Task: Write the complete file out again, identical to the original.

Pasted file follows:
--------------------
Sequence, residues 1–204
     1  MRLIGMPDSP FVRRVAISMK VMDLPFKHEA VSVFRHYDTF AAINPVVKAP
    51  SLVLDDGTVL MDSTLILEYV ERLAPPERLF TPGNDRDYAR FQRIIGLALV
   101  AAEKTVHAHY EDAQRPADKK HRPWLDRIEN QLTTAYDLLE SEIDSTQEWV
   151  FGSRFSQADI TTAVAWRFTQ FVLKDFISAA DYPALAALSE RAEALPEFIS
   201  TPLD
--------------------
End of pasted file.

Sequence, residues 1–204
     1  MRLIGMPDSP FVRRVAISMK VMDLPFKHEA VSVFRHYDTF AAINPVVKAP
    51  SLVLDDGTVL MDSTLILEYV ERLAPPERLF TPGNDRDYAR FQRIIGLALV
   101  AAEKTVHAHY EDAQRPADKK HRPWLDRIEN QLTTAYDLLE SEIDSTQEWV
   151  FGSRFSQADI TTAVAWRFTQ FVLKDFISAA DYPALAALSE RAEALPEFIS
   201  TPLD